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Does anyone know anything about the large Santa in the picture? He is 31" and has a lighting setup similar to the Beco Santa's but the rod is a yellow plastic tube instead of the metal rod and the round disk that supports the rod is a lot smaller then the Beco disk and made of translucent plastic, overall a cheaper version of the Beco lighting setup.

Mel

IMG_1973800.jpg

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I love the basset hound, we have a real one and have been keeping an eye out for that mold so that he could always be part of the display :)

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Mel, do u know who the maker is of the smaller santa in your picture above? - i found one at an antique mall for $10. and bought it, now just curious as to the maker??

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Guest Mr. Griswold

Blowmoldohio can you post a pic of your Santa? I would love to see if there are any variations (paint) etc.

Thanks

Mel I have seen the larger Santa before but I have no information on him. I am almost postive he is displayed at a home near my folks place up North. If I thik I will pass by this weekend and take a photo for you.

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At this time we do not know who made the two Santas, the candle is from NOMA, the elf is a 1966 Judith Novelty item, there is no real information on who made the carolers (Poloron? Judith Novelty?), the rabbit is a bank made by Union Products and the dog is also a bank made by Empire/Carolina Enterprises.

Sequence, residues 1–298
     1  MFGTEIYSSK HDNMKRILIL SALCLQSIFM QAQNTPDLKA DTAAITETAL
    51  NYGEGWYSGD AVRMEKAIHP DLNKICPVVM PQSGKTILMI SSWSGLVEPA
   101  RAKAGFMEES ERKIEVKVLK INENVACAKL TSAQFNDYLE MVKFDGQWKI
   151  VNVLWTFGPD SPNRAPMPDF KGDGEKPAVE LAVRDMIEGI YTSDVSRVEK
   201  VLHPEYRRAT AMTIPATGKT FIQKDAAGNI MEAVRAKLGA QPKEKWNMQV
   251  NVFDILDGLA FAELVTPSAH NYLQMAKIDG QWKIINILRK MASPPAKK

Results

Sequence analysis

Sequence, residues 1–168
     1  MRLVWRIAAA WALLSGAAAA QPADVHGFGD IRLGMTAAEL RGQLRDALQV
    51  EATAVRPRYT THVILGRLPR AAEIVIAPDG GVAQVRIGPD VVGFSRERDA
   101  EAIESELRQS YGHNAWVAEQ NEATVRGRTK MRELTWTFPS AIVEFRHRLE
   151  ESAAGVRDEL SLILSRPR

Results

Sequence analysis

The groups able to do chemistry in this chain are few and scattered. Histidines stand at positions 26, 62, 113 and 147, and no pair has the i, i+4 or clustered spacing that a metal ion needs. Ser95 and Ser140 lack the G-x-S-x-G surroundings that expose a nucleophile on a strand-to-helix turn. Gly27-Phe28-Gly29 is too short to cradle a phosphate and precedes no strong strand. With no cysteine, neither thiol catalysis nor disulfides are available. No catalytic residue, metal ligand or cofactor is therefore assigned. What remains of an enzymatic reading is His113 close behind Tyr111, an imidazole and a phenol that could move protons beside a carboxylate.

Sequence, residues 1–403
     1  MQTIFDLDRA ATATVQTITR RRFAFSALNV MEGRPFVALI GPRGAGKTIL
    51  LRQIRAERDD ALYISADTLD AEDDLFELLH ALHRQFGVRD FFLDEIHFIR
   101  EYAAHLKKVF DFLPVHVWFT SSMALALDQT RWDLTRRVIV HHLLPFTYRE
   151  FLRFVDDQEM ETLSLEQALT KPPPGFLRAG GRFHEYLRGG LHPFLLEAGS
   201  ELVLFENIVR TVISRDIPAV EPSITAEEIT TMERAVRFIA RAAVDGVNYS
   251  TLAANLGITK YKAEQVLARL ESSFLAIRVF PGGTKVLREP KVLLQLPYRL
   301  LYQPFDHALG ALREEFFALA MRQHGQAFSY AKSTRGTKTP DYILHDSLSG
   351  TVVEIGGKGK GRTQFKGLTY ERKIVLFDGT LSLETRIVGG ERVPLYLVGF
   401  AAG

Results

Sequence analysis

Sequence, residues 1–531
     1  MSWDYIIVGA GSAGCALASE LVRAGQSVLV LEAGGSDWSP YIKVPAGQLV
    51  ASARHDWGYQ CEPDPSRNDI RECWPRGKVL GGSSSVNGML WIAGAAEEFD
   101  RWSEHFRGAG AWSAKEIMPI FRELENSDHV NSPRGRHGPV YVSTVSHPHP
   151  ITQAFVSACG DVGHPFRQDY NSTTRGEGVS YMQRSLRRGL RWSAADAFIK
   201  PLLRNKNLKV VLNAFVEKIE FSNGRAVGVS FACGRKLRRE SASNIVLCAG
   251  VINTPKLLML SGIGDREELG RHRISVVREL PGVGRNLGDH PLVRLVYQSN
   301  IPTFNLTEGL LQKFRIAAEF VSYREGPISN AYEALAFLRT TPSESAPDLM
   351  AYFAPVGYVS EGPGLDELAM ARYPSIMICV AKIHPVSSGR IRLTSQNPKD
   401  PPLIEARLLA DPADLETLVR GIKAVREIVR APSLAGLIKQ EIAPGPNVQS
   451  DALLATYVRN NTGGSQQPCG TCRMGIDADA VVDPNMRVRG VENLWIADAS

Mel

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Blowmoldohio can you post a pic of your Santa? I would love to see if there are any variations (paint) etc. Thanks Mel I have seen the larger Santa before but I have no information on him. I am almost postive he is displayed at a home near my folks place up North. If I thik I will pass by this weekend and take a photo for you.

Cory, it seems to me that I have either seen the Santa or a picture of him in the past also but do not remember where. If you do go by and see the Santa would there be a chance that you could stop and see if anyone is there that you could ask about what the lighting setup is like to see if it is the same as I described above?

Mel

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Pretty cool. I've never seen those girl soldiers before. Are they rare?

They are not often seen but they do occasssionaly come up on eBay. We have had the darker colored ones for several years now, I finaly got around to getting the pair with the white colors recently. There was a great price on them and I could not resist getting them. As I said in another thread recently, there are still a lot of great blow mold (?) buys on eBay even with shipping added if one watches for them. I somewhat hesitate to use the word blow mold on these as they are not true blow molds, they were injection molded.

Mel